Pokémon Go & The CIA

July 31, 2016

If anyone doubted that a percentage of the global population are akin to zombies, the incidents following the release of Pokémon Go have surely convinced you. Despite the game only being released in early July, we have already seen a man driving into a tree and a women getting locked in a graveyard whilst chasing these furry little creatures.

Pokémon describes the game on their website in the following way:

“Travel between the real world and the virtual world of Pokémon with Pokémon GO for iPhone and Android devices. With Pokémon GO, you’ll discover Pokémon in a whole new world—your own! Pokémon GO is built on Niantic’s Real World Gaming Platform and will use real locations to encourage players to search far and wide in the real world to discover Pokémon… In Pokémon GO, the real world will be the setting!”

The company behind Pokémon Go is a San Francisco software developer called Niantic, Inc, which was formed in 2010 as an internal startup at Google. The founder and current CEO of Niantic is John Hanke, a man who has connections both to the State Department and the CIA.

Before moving to San Francisco to study at the University of California, Hanke previously worked for the US State Department in Myanmar. Hanke also founded Keyhole, Inc in 2001, a company which specialized in geospatial data visualization applications. Google acquired the company in 2004, with many of the applications developed by Keyhole being instrumental in Google Maps and Earth. In 2003, the CIA’s venture-capitalist firm, In-Q-Tel, invested in Keyhole, with the CIA’s own website proudly detailing this investment:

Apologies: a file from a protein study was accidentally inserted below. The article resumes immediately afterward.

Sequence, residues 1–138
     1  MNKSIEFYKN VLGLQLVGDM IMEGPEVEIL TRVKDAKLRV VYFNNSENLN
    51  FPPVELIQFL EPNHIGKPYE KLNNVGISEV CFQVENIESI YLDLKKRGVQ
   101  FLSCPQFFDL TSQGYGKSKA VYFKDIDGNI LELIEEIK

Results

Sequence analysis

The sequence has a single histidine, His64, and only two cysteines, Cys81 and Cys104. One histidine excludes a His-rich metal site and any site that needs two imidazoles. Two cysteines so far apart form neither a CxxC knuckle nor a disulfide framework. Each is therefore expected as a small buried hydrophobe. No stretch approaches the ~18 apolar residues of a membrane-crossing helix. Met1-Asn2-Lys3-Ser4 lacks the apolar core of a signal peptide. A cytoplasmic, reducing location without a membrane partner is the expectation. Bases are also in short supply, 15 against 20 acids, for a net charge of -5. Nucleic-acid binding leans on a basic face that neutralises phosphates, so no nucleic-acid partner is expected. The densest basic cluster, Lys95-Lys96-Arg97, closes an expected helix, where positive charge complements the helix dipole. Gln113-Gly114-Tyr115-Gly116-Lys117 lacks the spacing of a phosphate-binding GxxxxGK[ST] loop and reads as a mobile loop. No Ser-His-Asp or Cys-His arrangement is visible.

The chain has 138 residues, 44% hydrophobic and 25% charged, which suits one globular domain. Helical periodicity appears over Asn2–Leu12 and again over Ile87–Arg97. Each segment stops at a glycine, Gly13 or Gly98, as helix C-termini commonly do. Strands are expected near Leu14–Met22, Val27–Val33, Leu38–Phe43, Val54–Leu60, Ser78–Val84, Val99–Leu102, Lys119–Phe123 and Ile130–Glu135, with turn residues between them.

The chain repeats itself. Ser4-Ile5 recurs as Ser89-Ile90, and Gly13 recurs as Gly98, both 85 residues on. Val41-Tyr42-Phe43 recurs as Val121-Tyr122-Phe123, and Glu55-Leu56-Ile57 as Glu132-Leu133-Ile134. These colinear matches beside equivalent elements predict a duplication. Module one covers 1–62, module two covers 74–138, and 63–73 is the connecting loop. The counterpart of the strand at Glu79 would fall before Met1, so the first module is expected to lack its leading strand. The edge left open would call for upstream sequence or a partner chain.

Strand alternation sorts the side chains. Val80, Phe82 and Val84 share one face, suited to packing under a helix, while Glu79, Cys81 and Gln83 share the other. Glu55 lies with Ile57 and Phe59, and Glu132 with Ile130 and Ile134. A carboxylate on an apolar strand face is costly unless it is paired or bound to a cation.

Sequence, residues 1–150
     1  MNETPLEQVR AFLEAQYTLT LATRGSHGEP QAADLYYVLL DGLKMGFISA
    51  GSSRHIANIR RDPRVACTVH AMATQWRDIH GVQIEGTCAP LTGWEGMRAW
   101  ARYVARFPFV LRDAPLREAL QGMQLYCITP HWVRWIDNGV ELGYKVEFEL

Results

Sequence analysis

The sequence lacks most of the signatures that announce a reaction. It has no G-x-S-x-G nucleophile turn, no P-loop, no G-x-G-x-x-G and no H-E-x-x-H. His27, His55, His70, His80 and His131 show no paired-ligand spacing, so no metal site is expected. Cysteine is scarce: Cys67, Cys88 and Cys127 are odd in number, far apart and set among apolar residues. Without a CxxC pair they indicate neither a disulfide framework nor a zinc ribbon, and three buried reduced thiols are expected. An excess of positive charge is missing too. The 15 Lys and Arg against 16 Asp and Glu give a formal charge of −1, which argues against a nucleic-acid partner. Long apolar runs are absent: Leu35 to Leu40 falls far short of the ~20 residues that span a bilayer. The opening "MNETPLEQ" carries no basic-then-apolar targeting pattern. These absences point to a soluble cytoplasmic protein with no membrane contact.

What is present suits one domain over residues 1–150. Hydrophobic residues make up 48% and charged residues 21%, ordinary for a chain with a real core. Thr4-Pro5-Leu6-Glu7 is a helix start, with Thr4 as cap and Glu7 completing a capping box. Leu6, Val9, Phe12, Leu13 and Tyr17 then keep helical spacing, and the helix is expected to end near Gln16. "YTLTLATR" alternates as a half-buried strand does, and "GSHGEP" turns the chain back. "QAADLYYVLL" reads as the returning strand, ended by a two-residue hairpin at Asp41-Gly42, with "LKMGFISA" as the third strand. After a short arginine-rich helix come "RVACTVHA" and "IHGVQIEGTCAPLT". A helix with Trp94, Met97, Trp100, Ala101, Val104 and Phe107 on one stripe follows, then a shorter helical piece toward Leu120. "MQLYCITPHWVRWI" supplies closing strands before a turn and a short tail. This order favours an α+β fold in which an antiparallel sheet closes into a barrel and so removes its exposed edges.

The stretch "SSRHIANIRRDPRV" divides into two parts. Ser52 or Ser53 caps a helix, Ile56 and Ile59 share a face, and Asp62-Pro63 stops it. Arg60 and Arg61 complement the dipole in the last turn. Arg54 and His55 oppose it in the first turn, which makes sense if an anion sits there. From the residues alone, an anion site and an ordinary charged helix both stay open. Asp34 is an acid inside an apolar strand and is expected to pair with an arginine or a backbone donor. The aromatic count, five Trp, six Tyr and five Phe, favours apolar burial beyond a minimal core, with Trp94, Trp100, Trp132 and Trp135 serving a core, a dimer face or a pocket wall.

“The CIA-assisted technology probably most familiar to you is one many of us use on a regular basis:  Google Earth. In February 2003, the CIA-funded venture-capitalist firm In-Q-Tel made a strategic investment in Keyhole, Inc., a pioneer of interactive 3-D earth visualization and creator of the groundbreaking rich-mapping EarthViewer 3D system. CIA worked closely with other Intelligence Community organizations to tailor Keyhole’s systems to meet their needs. The finished product transformed the way intelligence officers interacted with geographic information and earth imagery.”

One of the other intelligence organizations the CIA worked alongside was the National Geospatial-Intelligence Agency (NGA), which is partly under the control of the US Department of Defense (DoD).

So we have a somewhat enigmatic former State Department employee with connections to the CIA and the DoD, being the CEO of a company that created what seems to be a silly, harmless game. What’s going on?

Selling and Sharing Your Data

Like so many new technologies in our digital age, Pokémon Go is constantly gathering information on the user and then openly admitting that they will share this data with anyone who wants it.

As James Corbett pointed out in his article titled: The CIA’s ‘Pokémon Go’ App is Doing What the Patriot Act Can’t, the privacy policy of the app states that Niantic will share all the information they gather (which is a lot) with the state and private organizations:

“We cooperate with government and law enforcement officials or private parties to enforce and comply with the law. We may disclose any information about you (or your authorized child) that is in our possession or control to government or law enforcement officials or private parties as we, in our sole discretion, believe necessary or appropriate.”

Corbett also details how the game requires the user to give excessive access to Niantic/CIA/NGA/DoD (including access to the users Google account and camera).

Read More: Here

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